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Naval Air Crew Candidate School (NACCS)

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Navy Enlisted Aircrew Training

Simple tasks like boarding a life raft take on a whole new meaning when you have more than 40 pounds of flight gear weighing you down.

Official Navy Photo
Angels exist. The Navy makes them, and its factory is in Florida. Navy angels wear green flight suits and snug-fitting flight helmets that leave little room for halos or even fluffy white feathers. These guardian angels have faithfully stood watch over aviation crews, passengers, aircraft and cargo since the dawn of naval aviation.

Yet they go mostly unnoticed among the rest of the fleet, set apart from typical Sailors only by the gold wings pinned on their chests with the letters “AC” branded in the center. The letters stand for “air crew,” and earning one of the rare gold enlisted pins is one of the toughest qualifications in the fleet.

Officially known as the Naval Air Crew Candidate School (NACCS), Naval Air Station (NAS) Pensacola, Fla., it’s a duty station that is easily confused as a little slice of heaven with mostly year-around sunbathing weather. But don’t let the vacation-like setting fool you; NACCS is anything but a vacation for air crew candidates.

Boot camp physical training might prepare you for duty in the Navy, but it doesn’t prepare you for air crew school,” said Air Crew Candidate, Airman Apprentice William Joseph Hamilton.

Just to earn the right to attempt air crew school is a physical and mental challenge. Worthy candidates, all volunteers, must be in great physical shape and be a strong enough swimmer to pass a second-class swim test during boot camp. They must pass the Navy’s physical fitness assessment (PFA) with a “satisfactory-medium” in all categories for their sex and age, and pass a flight physical prior to setting foot on the air crew school’s quarterdeck.

Air crew duty isn’t for everyone. Sailors can and do submit a drop on request at any point during the high-risk air crew training process. Stiff physical, mental and even emotional obstacles weed out anyone who can’t handle whatever is thrown their way.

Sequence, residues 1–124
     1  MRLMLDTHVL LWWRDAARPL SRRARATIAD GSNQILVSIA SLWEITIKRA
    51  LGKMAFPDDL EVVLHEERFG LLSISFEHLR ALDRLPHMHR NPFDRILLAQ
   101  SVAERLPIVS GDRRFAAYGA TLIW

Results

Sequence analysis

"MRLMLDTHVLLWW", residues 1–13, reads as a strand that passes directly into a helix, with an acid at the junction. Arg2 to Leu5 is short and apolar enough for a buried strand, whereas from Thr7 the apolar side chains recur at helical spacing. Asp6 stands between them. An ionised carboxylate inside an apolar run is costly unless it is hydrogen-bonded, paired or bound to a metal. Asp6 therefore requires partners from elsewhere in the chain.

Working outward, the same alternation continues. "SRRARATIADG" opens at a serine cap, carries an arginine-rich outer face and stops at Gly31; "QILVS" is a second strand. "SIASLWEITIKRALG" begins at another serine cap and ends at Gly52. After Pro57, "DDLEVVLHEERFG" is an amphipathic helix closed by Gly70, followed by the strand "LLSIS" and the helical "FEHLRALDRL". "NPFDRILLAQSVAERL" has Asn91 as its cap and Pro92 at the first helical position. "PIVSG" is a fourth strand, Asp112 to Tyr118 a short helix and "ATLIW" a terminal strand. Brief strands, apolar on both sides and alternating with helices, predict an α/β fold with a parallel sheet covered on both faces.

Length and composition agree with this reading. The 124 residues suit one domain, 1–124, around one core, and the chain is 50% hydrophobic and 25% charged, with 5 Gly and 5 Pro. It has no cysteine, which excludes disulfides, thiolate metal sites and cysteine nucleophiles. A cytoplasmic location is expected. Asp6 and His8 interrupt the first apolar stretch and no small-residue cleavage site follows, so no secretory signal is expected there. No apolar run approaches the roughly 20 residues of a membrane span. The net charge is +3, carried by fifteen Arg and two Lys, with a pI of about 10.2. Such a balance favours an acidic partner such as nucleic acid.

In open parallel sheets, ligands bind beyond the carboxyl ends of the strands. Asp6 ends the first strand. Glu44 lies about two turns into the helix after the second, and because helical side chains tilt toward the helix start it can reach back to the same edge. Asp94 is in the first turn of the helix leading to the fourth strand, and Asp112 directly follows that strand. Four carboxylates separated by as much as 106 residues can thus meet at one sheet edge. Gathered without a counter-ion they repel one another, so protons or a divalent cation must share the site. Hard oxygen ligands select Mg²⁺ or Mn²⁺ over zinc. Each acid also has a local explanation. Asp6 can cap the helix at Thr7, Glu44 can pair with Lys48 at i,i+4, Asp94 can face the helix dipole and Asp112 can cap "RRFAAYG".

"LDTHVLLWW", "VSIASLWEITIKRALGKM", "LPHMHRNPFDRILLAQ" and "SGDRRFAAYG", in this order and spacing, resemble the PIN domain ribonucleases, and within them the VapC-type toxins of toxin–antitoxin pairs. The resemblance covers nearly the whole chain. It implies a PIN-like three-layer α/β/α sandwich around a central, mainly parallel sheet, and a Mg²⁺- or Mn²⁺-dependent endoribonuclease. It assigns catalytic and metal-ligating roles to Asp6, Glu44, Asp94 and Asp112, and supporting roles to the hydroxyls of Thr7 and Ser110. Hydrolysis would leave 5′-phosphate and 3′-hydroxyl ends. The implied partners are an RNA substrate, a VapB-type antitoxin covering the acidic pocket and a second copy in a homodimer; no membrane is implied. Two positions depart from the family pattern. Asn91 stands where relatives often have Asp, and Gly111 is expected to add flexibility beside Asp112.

“We can’t just throw any enlisted guy into an aircraft and expect him to contribute to the mission,” said Master Chief Aviation Warfare Systems Operator Kenneth J. Ellenburg, NACCS Master Chief Petty Officer in charge of training. “Flying Navy isn’t anything like flying on an airline. There’s a lot for air crew personnel to do during a flight.”

Air crew missions vary depending on the type of aircraft they are assigned to and that aircraft’s tasking. Navy aircraft move Sailors and mail, engage targets, conduct surveillance, direct battles, hunt submarines and perform other tasks the Navy deems necessary.

Air crew duties during these flights can include maintenance of airborne electronic, mechanical and ordnance delivery systems; operating airborne electronic equipment; performing tactical duties as flight engineers, load masters, analysts and reel operators on Take Charge and Move Out (TACAMO) aircraft; operating airborne mine countermeasures equipment, or crew served weapons; and serving as flight communications operators, in-flight medical technicians or even flight attendants.

“Air crew makes the mission successful,” said Ellenburg. “The pilots just get you there.”

Sometimes, just getting there–and back –is the most difficult part of the mission.

By design, just about every plane and helicopter device air crew candidates climb aboard at NACCS will crash during training. Instructors waste little time in snapping their student’s attention into the harsh reality of naval aviation, where mishaps can and do happen.

Training contraptions eerily named after aviator nightmares, like the “helicopter dunker,” a full-scale mock-up of a helicopter cabin, are used by instructors to “crash” candidates into the water. Without warning, instructors send the dunker plummeting to the drink, rotating the cabin as it sinks. Students are required to egress from their seats through specific pathways once while wearing their flight gear, then again with black-out goggles.

Like many Navy jobs, air crew survival centers on attention to detail and following procedures, which are drilled into candidates’ heads until they’re instinctive. “You don’t carry a checklist with you when you hit the water,” said Ellenburg. “You have to be mentally tough enough to do the right things, because you’ll only get one chance if disaster finds you.”

Getting out of the aircraft is only part of surviving a mishap at sea. Air crew personnel must avoid drowning while dodging sinking aircraft, possible fires, enemy aggression, heat, cold, waves, exhaustion, dehydration and other obstacles between them and any rescue attempts the Navy sends their way. NACCS covers all of it–in four weeks.

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